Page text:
But when all the anticipation of blissful romance meets the real world of two people actually sharing the same space, there’s naturally unease. And that’s even before Skye’s parents (Reiser and Gina Gershon) arrive unexpectedly at her door, forcing a nude David — she was painting his portrait — to hide behind that same sofa. The tension of the story then escalates past David and Skye’s apprehensive coupling newness and up to David’s more overly complex relationship with Getty.
At a Parisian New Year’s Eve party, once David’s presence is discovered, he is snubbed by Getty, who does nothing to mask the fact that he thinks the young misfit is not quality material for his daughter. Gershon’s Fay Getty, caked in a hard, unsmiling exterior, has a few of the episode’s warmest moments as she acts kindly toward David despite her misgivings. This all, of course, is setting the table for the wistful, longing shadows of Red Oaks that will continue to darken over the next nine episodes, amid the usual sight gags, goofballs, and high-jinks.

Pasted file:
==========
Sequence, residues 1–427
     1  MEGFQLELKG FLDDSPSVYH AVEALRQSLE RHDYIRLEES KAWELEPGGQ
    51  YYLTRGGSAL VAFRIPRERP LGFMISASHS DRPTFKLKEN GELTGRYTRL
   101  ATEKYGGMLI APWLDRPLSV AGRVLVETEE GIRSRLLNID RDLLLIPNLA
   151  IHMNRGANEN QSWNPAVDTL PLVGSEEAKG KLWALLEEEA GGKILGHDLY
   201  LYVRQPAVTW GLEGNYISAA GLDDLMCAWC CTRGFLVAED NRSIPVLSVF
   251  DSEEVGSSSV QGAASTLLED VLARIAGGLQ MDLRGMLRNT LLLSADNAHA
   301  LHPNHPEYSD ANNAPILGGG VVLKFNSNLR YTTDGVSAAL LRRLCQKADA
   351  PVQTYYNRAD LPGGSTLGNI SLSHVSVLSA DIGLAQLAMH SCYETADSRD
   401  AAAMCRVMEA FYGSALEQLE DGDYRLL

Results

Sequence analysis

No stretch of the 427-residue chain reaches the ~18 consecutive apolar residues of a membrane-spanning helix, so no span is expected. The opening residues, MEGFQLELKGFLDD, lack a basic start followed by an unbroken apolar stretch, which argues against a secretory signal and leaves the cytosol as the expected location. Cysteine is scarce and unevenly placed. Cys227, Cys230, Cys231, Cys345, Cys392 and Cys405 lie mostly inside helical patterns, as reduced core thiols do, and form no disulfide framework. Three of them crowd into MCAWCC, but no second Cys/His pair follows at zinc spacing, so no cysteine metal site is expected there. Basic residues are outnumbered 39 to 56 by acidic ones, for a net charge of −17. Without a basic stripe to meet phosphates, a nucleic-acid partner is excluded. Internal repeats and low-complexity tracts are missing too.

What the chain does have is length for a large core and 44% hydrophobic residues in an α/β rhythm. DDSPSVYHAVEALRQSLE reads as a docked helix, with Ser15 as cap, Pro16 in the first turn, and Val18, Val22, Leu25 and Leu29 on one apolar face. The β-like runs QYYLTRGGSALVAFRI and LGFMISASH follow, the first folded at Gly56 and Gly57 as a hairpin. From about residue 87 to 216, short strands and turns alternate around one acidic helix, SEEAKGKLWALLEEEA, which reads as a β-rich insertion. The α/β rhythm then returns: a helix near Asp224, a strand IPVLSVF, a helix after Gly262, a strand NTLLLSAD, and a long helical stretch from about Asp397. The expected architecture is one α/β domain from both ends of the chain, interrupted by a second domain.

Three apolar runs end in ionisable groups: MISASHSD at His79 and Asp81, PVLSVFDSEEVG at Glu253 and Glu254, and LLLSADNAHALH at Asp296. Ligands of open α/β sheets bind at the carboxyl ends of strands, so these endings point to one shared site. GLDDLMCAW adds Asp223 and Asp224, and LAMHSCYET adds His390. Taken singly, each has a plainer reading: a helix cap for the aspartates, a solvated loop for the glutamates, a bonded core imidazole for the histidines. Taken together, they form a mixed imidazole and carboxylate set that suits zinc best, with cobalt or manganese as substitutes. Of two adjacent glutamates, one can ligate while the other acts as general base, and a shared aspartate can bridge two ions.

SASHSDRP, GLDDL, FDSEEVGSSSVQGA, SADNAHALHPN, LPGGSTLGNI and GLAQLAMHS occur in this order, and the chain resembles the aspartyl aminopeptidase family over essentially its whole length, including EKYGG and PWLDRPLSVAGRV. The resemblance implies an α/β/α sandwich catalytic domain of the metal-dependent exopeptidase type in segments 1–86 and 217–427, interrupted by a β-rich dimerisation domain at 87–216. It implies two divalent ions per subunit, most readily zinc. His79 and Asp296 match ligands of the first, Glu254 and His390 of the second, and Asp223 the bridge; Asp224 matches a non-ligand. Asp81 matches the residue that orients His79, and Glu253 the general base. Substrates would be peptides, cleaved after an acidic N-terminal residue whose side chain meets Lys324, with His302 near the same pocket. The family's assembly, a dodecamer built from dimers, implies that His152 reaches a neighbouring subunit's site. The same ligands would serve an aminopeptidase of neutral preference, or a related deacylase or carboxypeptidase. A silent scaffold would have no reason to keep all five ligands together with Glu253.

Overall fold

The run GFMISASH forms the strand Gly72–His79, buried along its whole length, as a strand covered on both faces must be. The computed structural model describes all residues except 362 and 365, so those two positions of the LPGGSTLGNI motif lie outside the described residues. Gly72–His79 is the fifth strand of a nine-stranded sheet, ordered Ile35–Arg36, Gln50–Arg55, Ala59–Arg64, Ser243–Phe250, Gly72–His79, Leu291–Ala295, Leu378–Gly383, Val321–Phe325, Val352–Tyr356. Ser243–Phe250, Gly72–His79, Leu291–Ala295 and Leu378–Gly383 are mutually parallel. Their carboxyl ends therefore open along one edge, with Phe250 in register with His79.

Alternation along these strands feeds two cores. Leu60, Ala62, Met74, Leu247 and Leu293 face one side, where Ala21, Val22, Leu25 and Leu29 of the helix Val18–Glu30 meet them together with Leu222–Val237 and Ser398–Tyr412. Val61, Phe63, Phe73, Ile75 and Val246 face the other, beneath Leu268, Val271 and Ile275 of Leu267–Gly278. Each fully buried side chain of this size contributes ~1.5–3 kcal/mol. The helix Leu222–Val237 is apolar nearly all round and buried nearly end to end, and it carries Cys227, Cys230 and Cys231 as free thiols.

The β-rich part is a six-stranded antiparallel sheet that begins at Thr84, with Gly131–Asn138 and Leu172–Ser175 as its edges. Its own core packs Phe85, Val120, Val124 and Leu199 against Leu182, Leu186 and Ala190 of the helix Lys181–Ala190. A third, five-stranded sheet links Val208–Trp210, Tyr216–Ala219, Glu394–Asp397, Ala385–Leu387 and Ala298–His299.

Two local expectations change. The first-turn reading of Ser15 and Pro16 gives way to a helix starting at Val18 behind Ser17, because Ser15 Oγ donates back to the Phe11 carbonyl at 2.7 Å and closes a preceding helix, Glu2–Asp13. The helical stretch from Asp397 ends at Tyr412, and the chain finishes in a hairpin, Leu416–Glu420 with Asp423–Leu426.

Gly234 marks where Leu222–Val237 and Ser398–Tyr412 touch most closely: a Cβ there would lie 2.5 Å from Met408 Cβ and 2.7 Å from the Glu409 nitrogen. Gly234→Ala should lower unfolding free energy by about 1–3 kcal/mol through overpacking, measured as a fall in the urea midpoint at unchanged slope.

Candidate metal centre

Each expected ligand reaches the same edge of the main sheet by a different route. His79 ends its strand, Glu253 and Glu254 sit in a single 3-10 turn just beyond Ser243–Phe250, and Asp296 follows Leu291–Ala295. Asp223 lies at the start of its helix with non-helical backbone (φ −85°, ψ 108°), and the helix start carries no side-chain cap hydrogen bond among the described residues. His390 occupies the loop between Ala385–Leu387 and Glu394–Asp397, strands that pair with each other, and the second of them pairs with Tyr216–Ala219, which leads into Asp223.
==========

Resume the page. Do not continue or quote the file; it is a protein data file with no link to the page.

There’s also potential for some funny real world irony — especially right now — with the upcoming insider trading trial awaiting Getty and his reference to the U.S. attorney who’s trying to take him down: “That rodeo clown Giuliani.” (As of this writing, the likeliest candidate for America’s next top cop in the administration of President Trump.)
“Paris” ends on an effective downbeat note, with Skye deciding to stay in Paris for six more months on her father’s dime. That’ll complicate things for her and David, for any number of reasons. The episode was written by series creators Gregory Jacobs and Joe Gangemi (and filmmakers David Gordon Green and Steven Soderbergh are still on board as executive producers), and credit Hartley, a great partner in aesthetic and tone, for once again evoking that great, sweet melancholy at the end of this mini-movie hors d’oeuvre.
And in a show already trusted for its smart music choices, “Paris” closes — perfectly — with the throbs of New Order’s “Ceremony,” and the song’s touching, resonating lyrics, “Heaven knows, it’s got to be this time.”
Episode grade: A-
Episode 2: “Memorial Day”
Flash-forwarding six months later, Red Oaks finds its footing back in New Jersey. Over the course of this half hour, we discover what the large stable of supporting characters is up to, now nearly a year since we last saw them.